Can You Mitigate Against Dropped Tools?

It's a well-known fact that dropped objects are a safety hazard experienced all too often throughout all sorts of industries. Dropped object accidents occur on oil rigs, construction sites, manufacturing environments, and anywhere else where workers are subject to performing tasks off the ground. In the UK alone dozens die and hundreds are injured every year from falling objects. However, just because dropped objects are so commonplace doesn't mean you can't mitigate against them.

Mitigating against dropped tools is not difficult - it merely requires a commitment from employees and job supervisors to do so. Unfortunately, when it comes to worker safety in relation to dropped tools, that lack of commitment is the number one reason why such actions continue to happen. Securing tools against falling is very simple in principle. It's also rather inexpensive. But when employers and their workers have no interest in investing the time, effort, and finances into working safely, accidents will happen.

Mitigating against Dropped Tools Is the Law

We won't speak for any other place in the world, but we can say that in the UK it is required by law for companies who conduct work at height activities to take every precaution necessary to mitigate against dropped tools. Any accident resulting from a failure to do so could mean heavy fines and other forms of punitive consequences. Beyond that, employers are potentially risking injury or death to their workers and customers when they refuse to obey the law. Living with the guilt of a serious injury or death is far worse than any of the legal consequences.

Fortunately, the law is not as restrictive as some critics make it out to be. Regulations give companies and job site supervisors great latitude in the choice of methods used to secure against dropped tools. Everything from lanyards to tool bags to safety nets; as long as a company's safety strategies are adequate and the risk assessments are in place for that particular job and type of work, they are usually acceptable. Job sites, tools, and equipment must be inspected by certified individuals in order to ensure compliance.

Education of All Workers

Perhaps the most successful component in any mitigation program is the proper training and education of all workers. It's one thing to purchase lanyards and other types of equipment, and to pass on-site inspections; it is an entirely different matter to make employees understand the importance of tool safety. Like the typical young driver who believes accidents only happen to other people, many people working at height are unwilling to believe they could injure or kill someone until the time comes when they do. Educating them in this reality is of utmost importance.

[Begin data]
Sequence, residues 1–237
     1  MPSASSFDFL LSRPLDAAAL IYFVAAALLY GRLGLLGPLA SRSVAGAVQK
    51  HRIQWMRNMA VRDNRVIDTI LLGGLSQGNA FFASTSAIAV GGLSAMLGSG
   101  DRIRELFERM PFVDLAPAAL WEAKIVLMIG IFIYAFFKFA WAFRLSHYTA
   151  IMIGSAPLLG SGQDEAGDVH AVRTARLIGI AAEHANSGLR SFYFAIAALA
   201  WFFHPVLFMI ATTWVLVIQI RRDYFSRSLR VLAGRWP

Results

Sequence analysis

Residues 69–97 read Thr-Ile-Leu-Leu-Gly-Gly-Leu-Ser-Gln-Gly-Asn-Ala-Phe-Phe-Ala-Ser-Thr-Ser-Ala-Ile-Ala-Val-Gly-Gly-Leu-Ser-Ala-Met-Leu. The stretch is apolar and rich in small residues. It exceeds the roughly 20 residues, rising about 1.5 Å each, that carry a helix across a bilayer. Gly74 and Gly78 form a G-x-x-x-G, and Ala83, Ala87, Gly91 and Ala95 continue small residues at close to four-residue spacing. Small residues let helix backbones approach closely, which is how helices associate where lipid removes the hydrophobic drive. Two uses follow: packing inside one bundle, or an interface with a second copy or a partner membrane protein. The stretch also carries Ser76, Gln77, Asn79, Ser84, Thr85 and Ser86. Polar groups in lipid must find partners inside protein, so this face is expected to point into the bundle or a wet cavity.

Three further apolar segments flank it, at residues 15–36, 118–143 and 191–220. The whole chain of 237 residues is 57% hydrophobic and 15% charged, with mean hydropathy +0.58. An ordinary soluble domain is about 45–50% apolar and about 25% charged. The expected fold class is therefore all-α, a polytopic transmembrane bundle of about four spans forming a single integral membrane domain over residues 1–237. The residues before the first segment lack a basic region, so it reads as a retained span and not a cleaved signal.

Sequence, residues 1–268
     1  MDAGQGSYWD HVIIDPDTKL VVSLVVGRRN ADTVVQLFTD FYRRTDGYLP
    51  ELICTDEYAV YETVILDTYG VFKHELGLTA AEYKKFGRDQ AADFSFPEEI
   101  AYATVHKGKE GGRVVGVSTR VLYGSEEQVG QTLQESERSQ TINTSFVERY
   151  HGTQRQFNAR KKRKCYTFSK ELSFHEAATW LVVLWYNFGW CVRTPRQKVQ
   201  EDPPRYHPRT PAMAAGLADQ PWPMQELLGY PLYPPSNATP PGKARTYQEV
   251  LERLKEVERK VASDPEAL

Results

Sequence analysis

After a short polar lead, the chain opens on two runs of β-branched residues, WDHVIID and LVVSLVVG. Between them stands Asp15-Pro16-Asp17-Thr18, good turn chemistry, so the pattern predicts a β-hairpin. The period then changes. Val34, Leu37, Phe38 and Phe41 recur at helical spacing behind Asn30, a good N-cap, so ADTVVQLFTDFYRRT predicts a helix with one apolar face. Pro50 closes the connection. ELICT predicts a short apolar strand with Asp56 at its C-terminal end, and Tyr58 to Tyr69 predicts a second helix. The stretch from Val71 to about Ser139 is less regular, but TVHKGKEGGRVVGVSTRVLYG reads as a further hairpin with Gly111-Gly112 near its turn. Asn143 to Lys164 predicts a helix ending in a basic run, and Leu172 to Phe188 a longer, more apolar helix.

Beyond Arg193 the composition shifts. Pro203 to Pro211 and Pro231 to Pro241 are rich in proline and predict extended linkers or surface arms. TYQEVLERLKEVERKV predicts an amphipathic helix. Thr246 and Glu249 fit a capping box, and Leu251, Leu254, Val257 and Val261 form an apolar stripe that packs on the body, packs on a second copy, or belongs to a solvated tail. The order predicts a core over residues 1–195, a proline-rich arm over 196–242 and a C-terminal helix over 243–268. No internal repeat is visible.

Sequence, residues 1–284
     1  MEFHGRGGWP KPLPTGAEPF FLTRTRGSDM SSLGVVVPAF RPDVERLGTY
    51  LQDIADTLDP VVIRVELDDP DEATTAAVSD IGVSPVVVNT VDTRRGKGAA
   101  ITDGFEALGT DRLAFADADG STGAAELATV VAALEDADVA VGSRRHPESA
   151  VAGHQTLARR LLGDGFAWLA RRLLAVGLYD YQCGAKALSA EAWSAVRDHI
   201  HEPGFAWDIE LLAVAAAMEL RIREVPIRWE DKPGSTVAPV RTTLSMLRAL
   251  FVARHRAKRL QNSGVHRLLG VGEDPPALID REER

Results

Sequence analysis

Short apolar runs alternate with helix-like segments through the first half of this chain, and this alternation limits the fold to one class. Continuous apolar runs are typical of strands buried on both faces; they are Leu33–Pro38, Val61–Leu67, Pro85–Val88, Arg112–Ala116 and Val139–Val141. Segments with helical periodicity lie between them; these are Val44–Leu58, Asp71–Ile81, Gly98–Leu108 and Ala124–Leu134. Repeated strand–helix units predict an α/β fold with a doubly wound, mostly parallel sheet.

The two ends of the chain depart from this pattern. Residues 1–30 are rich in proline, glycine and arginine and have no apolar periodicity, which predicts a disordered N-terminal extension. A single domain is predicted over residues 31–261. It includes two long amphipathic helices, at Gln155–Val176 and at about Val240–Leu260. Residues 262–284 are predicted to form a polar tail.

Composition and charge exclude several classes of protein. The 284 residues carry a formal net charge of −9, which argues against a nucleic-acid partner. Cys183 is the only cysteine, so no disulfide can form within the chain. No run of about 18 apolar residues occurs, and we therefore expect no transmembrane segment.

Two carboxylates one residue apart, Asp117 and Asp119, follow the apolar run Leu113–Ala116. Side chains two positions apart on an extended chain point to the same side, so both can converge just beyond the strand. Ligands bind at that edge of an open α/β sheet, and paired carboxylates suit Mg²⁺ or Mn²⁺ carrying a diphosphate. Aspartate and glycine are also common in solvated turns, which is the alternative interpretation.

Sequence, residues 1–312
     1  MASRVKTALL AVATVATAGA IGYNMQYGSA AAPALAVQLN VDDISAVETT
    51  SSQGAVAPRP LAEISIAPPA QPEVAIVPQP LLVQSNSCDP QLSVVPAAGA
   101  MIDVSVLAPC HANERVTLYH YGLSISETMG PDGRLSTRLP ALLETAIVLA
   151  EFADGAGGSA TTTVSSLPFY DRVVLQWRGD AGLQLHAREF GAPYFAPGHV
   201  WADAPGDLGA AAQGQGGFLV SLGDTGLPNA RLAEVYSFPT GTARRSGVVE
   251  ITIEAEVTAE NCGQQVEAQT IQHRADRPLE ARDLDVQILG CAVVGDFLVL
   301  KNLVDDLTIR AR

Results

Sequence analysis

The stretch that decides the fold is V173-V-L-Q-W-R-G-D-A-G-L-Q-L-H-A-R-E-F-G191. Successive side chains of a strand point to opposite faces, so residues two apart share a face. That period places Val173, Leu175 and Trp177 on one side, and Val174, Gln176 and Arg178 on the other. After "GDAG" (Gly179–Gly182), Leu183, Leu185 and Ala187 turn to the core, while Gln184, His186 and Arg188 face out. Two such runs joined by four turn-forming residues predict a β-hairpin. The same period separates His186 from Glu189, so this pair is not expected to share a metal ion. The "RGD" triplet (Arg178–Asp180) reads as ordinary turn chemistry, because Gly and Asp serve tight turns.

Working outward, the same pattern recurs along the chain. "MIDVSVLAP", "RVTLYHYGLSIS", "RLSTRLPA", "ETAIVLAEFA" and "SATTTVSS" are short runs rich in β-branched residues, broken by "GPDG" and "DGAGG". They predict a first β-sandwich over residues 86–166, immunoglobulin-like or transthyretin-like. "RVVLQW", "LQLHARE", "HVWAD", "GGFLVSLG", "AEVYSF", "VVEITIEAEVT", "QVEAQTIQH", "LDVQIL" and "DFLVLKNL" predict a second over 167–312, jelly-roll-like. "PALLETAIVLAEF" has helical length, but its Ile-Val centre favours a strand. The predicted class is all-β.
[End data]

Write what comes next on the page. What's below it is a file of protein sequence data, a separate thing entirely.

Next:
A good training program teaches workers not only how to secure their tools, but the potential consequences if they don't. Doing some simple math calculations to determine force and velocity go a long way in this endeavour. Real, factual stories are also a big help, especially if accompanied by photographs or written testimonies; anything to get the attention of workers in realizing how serious an issue tool safety is.

The Part of Management

Mitigating against dropped tools is ultimately the responsibility of management at various levels. First and foremost, management is responsible to ensure that a job risk assessment has be done before anything else. From that assessment they are required to provide a workable safety plan that will ensure not only the prevention of dropped tools, but also the overall safety of all personal working at height. The plan is then implemented and records kept of the entire process.

When the inspectors come to do their routine inspections they will point out to management any areas of deficiency. It is up to the managers in question to make sure corrective action is taken. However, just like there are workers who do not understand the seriousness of dropped tools and thereby don't always follow the rules, there are some managers who do the same. Bad weather, low budgets, and being behind schedule are just three of the things that sometimes influence managers to look the other way in terms of safety.